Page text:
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During Microsoft BUILD 2020 virtual conference, Microsoft announced the preview of the Publisher verification features in Azure Directory.
In this post, you learn how to make use of Publisher verification in your organization both as Application Developers and as organizations with users who use Applications (the consumers).
As quoted from Microsoft:
When an application is marked as publisher verified, it means that the publisher has verified their identity using a Microsoft Partner Network account that has completed the verification process and has associated this MPN account with their application registration.
- Microsoft Docs.
We'll touch on these things in this post:
- Some simplified use cases.
- Configure Publisher Verification for your Apps. This section is for the application developers and vendors who offer apps.
- Configure Consent Policies in your organization. This section is for the organizations that want to restrict to what type of app users can consent.
There are many reasons you'd want to be a verified publisher if you build apps. However, the other side of the coin is equally important when your users are consenting to applications left and right.
Use case: For app developers and publishers
When you publish applications for others to consent, you're asking them to trust you, your organization, and your code.
If we are a Microsoft Partner company, we can now tie our MPN ID to our Azure AD applications. Next time someone is consenting to your application, they can see that this application is a verified publisher - something that can only work if you have completed the MPN verification process, and are a Microsoft Partner.
Bottom line: You are not a random publisher that someone should trust. You have gone through the partner verification process's hoops and loops, and you are a legitimate business.
Use case: For the enterprises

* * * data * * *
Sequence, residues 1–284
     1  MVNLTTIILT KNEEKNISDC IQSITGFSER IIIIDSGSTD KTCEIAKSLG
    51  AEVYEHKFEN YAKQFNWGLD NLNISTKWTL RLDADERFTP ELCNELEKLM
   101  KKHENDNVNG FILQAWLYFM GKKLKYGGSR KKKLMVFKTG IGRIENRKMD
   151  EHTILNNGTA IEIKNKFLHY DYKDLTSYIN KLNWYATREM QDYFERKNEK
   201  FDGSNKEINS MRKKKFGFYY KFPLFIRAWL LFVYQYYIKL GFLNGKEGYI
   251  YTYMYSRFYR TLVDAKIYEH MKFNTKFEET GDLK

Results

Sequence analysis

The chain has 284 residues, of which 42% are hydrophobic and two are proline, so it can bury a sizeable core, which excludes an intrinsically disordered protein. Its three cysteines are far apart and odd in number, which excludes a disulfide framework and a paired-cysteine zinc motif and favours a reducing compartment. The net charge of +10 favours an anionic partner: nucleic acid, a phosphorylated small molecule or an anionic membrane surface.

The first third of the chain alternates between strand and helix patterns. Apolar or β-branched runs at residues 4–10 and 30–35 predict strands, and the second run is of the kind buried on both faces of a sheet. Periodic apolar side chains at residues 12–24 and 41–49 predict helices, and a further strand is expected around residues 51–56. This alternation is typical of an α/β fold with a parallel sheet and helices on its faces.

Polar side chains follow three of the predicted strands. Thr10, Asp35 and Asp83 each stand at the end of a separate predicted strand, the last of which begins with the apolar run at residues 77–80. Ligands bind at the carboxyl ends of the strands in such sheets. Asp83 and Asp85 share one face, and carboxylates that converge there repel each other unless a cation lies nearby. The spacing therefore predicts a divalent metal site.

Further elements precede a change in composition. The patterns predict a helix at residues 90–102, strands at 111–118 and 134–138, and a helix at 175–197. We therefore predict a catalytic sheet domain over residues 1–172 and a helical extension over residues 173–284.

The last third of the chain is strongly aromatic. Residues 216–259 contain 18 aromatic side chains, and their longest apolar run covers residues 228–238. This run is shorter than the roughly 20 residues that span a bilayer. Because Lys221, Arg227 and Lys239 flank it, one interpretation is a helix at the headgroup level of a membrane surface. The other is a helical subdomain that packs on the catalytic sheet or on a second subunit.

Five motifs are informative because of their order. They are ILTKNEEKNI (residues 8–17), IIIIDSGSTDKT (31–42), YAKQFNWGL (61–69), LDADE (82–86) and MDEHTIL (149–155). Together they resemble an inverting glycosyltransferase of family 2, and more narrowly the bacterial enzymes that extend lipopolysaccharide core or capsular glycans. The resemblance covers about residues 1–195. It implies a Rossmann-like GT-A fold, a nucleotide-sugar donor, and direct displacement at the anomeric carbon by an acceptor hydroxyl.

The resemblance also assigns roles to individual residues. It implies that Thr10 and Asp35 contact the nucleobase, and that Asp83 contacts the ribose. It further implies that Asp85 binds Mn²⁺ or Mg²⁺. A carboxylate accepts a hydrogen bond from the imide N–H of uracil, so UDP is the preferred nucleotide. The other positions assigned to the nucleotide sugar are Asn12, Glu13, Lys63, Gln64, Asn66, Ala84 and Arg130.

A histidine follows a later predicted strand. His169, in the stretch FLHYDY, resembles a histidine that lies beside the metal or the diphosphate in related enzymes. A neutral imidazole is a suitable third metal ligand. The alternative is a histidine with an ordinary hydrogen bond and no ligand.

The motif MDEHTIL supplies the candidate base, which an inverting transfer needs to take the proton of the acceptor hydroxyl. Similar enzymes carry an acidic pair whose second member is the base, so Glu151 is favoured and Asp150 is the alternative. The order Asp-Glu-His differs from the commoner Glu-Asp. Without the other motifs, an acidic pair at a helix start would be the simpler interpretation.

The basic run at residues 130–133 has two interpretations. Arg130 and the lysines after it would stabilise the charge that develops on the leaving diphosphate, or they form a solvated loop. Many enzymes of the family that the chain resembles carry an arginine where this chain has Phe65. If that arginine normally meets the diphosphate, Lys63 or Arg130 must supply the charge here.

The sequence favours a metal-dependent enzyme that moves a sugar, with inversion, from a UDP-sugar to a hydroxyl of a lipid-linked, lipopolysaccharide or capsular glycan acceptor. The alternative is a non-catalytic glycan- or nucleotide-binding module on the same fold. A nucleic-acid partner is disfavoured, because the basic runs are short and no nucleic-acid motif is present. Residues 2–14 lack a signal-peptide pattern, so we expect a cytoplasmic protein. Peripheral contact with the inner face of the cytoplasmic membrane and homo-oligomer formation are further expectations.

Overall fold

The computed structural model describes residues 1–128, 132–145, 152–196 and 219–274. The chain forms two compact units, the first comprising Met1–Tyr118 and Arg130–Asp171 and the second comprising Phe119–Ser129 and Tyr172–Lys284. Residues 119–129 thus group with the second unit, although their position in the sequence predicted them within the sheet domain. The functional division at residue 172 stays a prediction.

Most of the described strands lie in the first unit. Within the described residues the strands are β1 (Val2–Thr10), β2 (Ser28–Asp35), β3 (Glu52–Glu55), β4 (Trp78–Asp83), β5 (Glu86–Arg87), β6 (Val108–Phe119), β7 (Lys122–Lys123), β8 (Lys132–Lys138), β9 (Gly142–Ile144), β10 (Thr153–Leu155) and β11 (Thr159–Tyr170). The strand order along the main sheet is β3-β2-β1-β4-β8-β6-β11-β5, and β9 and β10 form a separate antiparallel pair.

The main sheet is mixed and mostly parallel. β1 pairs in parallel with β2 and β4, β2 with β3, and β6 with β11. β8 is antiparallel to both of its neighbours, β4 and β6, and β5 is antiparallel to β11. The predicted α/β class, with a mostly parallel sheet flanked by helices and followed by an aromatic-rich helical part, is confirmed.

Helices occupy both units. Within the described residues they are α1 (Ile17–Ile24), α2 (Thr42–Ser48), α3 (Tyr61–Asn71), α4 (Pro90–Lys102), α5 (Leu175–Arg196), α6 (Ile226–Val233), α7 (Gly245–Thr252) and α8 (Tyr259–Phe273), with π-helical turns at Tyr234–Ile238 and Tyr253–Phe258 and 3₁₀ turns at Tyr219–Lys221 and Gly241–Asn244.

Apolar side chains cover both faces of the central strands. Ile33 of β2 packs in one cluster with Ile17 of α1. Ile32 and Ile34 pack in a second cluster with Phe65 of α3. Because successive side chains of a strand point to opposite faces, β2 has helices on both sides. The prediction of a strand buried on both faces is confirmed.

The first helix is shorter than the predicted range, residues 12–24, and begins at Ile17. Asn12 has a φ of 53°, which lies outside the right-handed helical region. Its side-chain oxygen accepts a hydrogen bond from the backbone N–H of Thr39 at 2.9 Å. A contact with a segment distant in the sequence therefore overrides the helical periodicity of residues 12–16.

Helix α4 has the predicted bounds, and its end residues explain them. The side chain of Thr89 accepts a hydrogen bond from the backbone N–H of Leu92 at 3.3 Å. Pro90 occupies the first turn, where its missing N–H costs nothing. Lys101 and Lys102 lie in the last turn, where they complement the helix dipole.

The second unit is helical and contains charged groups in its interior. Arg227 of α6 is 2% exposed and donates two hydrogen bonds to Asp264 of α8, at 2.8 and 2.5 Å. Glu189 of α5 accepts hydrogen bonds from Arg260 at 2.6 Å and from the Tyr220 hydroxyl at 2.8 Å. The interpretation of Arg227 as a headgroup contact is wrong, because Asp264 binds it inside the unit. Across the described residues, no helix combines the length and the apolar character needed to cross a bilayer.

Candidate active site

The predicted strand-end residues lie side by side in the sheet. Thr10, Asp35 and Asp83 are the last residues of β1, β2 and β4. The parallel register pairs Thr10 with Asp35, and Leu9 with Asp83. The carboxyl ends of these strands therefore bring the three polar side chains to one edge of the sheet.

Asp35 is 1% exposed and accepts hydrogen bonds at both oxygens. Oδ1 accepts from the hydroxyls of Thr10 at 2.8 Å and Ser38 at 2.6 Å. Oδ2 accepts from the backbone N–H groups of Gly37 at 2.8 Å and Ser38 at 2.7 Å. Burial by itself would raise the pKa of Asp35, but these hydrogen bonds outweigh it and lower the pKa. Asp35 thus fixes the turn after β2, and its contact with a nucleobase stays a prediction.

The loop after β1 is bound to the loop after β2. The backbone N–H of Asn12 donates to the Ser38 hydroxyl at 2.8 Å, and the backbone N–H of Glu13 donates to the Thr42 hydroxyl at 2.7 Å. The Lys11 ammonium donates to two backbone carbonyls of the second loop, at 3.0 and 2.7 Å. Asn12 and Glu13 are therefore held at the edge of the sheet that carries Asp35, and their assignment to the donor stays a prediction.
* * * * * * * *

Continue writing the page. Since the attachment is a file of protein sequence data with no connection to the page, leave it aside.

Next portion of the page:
You can configure Consent policies in Azure now, and based on the publisher's verification status, you can automatically accept or reject any application consent request.
For example, you can ensure that all users across your organization can only consent to verified apps.
Users in your organization can more easily distinguish applications that are "Verified." They will see a blue badge next to the application name and logo.
Set things up in Azure
Okay, we have decided that we should go down the route of enabling this functionality, both as app developers and as consumers of applications. Let's take a look at how we can do that from both sides.
Configure Publisher Verification for your Apps
In Azure Active Directory, where you have your apps, you can now configure the Publisher verification option.
Head over to your application, select Branding, and view the Publisher verification section. You should see that you can enter an MPN ID to tie your app to a given Microsoft Partner.
Doing this ensures that a "Verified" badge appears in the consent screen, which we'll take a look at further down in this post.
First, click Add MPN ID to verify publisher:
Next, enter your MPN ID:
There's a shiny blue badge now next to the company name, indicating that you're a verified publisher.
From the user perspective, this changes things as well. We see the blue badge next to the company name, indicating that this app we're trying to consent to comes from a verified publisher:
Configure Consent Policies in Azure
You can now control in your organization whether to trust unverified applications.
Select among these user consent options:
- Do not allow user consent.
- Allow user consent for apps from verified publishers for selected permissions.
- Allow user consent for apps.
Select among these Group Owner consent options:
- Do not allow group owner consent.
- Allow group owner consent for selected group owners.
- Allow group owner consent for all group owners.
Here's the current incarnation of the UI:
For testing purposes, I am changing to Allow user consent for apps from verified publishers, for selected permissions (Recommended). When selecting this option, it presents you with a new option to granularly select the permissions to classify as low-impact.
Click the link or go to the left menu and select "Permission classification." From there, you can more granularly select what permissions you determine to be low-risk access permissions.
When we've configured this, we can go back to the User consent settings page and ensure that the configuration is there:
Summary and links
I'm glad you made it to the end. This post briefly walks through the steps required to configure Publisher Verification as a vendor, and how to configure Consent policies as an organization consuming applications.
NOTE - Not an indicator for security and quality
I also want to highlight the fact that anyone can become a verified publisher. This is not an indication that the application quality is sound, nor that the application does what it says it does. The publisher verification simply ties an application to a trusted Microsoft partner company. If the application then misbehaves, its outside the scope of the verification.
For additional information and learning more, head on over to some of the recommended links:
- Publisher Verification (Microsoft)
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